And talk about being true to life! Isn’t that the way it sometimes happens for us? We have our moments of seeing and knowing, when the star of clarity and certainty brightly goes before us, and then nothing. Everything seems to go blank, and we lose our way—often feeling confused and lost.  I know at times that my life is like that, maybe it is for you too.  Times when you know exactly what path to take, the right decision to make, the way has been illuminated for you, it’s clear as day.  Then doubts start creeping in, decisions become murky; that once brightly lit path has shadows moving in, and suddenly, you’re stumbling around in the dark.


I remember when I was about 11 years old and went to my first midnight movie.  Bck then the theatre was in the mall.  They were showing old-school, classic horror movies all week long. And I’ll never forget it. I saw a film called Frankenstein Meet the Werewolf, and then I had to walk out to the parking lot where my dad was going to pick me up.  Somehow in the chaos after the movie I completely on the other side of the mall in a deserted parking lot.  Of course it was one of the darkest, scariest nights I have ever known. The only comfort on the way around the mall to where my dad was picking me up was the presence of streetlights. I felt safe in the light. When I got under a streetlight, I strolled as if I had all the time in the world.  Then I dashed off like a champion sprinter to the next light. And that night struck me as being a good analogy of our life—we journey through life making our way from one light to the next, with periods of darkness throughout the whole way.


I think this is what the Wise Men may have experienced. They traveled from one sighting of the star to the next. They didn’t see it constantly. They had to travel long distances without it. So losing the star was part of the journey. On this Sunday after Christmas, I think we can learn three things from these Wise Men and their vagrant star.


The FIRST lesson is that life is a journey. Life isn’t rooted-ness, and it isn’t settled-ness. It’s journey. It’s movement. It’s going from one place to another. Perhaps this is why the greatest writers have always depicted life as a pilgrimage, a movement from one place to another. From Homer to Dante; from Geoffrey Chaucer to James Michener, it is the same in every age: Life is a journey, a progressing of mind and heart and body and spirit; stage by stage, step by step, where we see and learn—and are forever changed by the journey.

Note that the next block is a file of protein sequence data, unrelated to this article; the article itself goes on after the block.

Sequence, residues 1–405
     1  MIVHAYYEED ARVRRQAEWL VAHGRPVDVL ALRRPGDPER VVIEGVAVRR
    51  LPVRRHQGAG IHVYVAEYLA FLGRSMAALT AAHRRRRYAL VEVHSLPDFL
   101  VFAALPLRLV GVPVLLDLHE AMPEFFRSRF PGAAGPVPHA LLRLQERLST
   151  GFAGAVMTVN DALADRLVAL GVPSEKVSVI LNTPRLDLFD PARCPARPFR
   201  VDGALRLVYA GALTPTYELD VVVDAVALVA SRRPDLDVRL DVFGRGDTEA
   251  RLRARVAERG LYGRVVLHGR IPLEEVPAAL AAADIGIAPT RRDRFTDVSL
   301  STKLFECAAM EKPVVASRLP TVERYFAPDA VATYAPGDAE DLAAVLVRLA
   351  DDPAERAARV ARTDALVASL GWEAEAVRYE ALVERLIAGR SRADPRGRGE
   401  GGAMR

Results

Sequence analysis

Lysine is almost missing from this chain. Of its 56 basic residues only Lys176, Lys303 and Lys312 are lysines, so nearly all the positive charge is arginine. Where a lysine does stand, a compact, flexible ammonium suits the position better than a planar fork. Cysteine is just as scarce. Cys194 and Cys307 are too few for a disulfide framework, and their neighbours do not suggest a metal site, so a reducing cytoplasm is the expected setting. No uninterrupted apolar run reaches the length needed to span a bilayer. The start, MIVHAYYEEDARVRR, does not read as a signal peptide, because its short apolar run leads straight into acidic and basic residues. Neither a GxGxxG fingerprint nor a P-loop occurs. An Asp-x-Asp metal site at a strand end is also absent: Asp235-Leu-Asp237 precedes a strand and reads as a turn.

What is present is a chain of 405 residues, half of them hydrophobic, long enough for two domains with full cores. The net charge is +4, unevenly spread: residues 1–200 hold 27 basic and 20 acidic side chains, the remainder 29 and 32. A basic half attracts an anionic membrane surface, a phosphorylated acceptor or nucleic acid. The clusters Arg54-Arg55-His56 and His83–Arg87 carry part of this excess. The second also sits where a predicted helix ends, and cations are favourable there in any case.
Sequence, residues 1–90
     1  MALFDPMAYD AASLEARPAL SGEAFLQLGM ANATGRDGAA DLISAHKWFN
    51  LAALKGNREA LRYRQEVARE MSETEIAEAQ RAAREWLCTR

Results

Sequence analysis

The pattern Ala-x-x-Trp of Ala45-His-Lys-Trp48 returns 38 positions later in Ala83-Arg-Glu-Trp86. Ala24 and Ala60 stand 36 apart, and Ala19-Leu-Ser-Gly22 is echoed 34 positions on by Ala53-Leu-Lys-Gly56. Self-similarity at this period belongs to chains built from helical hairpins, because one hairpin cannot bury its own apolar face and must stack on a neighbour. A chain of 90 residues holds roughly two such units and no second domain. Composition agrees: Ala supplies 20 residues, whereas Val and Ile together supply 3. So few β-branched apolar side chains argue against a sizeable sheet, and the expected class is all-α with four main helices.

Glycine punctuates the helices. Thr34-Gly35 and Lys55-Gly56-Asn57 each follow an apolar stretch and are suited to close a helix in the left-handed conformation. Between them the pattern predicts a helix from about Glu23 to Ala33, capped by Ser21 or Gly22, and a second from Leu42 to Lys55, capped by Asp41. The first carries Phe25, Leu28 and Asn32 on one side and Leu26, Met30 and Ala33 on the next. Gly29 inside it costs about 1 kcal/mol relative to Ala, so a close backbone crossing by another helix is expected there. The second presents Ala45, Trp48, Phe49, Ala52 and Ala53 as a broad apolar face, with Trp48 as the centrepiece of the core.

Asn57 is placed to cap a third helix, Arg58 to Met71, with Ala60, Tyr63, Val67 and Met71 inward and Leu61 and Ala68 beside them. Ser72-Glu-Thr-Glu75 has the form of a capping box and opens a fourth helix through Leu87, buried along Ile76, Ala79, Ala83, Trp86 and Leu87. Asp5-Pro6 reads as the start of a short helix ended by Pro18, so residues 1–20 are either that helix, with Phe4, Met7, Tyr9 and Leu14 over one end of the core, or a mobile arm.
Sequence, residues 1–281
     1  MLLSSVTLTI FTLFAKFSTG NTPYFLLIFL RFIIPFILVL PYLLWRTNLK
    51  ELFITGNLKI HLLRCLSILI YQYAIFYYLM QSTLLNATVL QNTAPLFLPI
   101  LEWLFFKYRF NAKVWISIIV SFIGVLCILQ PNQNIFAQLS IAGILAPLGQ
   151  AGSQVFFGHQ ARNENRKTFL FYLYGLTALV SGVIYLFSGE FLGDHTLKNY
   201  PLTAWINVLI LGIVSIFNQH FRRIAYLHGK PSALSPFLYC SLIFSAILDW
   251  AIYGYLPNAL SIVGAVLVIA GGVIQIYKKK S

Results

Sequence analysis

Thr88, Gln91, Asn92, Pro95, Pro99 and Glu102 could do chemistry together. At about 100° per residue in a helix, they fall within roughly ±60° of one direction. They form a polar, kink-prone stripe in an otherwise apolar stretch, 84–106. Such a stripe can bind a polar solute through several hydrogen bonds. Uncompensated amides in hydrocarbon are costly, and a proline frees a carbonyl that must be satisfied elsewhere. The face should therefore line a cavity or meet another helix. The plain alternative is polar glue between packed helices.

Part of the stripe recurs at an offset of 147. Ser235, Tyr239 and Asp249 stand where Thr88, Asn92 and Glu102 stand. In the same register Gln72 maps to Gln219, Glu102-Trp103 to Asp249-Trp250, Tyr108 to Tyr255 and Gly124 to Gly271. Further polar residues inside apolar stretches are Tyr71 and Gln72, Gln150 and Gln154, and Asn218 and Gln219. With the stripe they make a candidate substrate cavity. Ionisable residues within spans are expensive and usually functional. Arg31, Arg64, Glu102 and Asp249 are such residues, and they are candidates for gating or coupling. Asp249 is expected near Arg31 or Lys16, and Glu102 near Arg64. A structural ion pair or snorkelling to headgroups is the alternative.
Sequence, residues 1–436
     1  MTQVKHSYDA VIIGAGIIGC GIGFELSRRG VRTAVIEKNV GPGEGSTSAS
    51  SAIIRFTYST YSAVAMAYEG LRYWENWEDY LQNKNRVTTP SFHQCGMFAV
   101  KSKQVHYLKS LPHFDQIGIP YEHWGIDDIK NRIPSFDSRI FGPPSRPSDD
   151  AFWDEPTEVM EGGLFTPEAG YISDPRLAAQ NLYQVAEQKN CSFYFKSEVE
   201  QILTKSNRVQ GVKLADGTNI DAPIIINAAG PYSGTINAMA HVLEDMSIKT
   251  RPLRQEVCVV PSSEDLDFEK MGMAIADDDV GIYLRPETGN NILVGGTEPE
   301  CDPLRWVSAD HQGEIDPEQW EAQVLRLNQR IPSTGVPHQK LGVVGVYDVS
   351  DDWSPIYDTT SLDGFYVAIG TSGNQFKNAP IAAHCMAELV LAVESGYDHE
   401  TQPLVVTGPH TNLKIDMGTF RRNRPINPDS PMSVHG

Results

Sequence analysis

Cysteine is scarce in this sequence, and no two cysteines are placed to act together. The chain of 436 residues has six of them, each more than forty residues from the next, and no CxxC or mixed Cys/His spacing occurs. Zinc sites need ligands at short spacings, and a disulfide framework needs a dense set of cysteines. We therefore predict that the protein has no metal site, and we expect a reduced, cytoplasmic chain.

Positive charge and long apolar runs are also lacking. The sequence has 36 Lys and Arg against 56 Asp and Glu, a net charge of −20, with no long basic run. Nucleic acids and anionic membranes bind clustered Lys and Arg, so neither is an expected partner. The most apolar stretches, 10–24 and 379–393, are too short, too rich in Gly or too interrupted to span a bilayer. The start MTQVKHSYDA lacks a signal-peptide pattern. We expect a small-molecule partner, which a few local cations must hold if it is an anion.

The challenge is living our life open to the journey that is always before us, my friends. Openness is one of the most important attributes we can have. It is realizing that life is a gift; and that people who receive the most are those who are poised to receive, who are open to receive. This is the way it was with the Wise Men; they followed the star that appeared in their sky.  They were open and ready to be led.  They knew that life is an adventure, a journey of faith that takes time, commitment and courage.


  • My friends, are we living a life open to God’s faith journey for us?
  • Are we ready and willing to be led by the Light of the World this Christmastide?
  • Are we poised…open… to receive the gift of life that God desires for us?
  • Life is a journey, are we on the move?


The SECOND thing we learn from the Wise Men is that Faith is what we grasp hold of, and cling to in times of darkness.  Faith is for the times in the journey when we can’t see the star. The Letter to the Hebrews says, “Now faith is the substance of things hoped for, the evidence of things not seen.” (Heb 11:1)


Scripture tells us that the star got the Wise Men started on their journey, and it returned when the journey was at its climax, but in between; over miles and miles of barren and probably even hostile countryside, it appeared to leave them.  It was there all the time, of course, but they could not see it. They had to journey onward in the direction it had given them, but without its immediate aid.


This is true in our life journeys, I think. We spend a lot of our time in the dark. We see the star shining over a certain college, and we go there; not knowing what lies beyond for us. We see it shining again over a career or profession, and we go in that direction, not knowing any more than that. Again and again in life, we have a moment of great luminosity, when everything becomes clear and we feel affirmed in our choices; BUT then, the light gives way to great stretches of darkness, when we must walk alone, with only the memory of the light to guide us.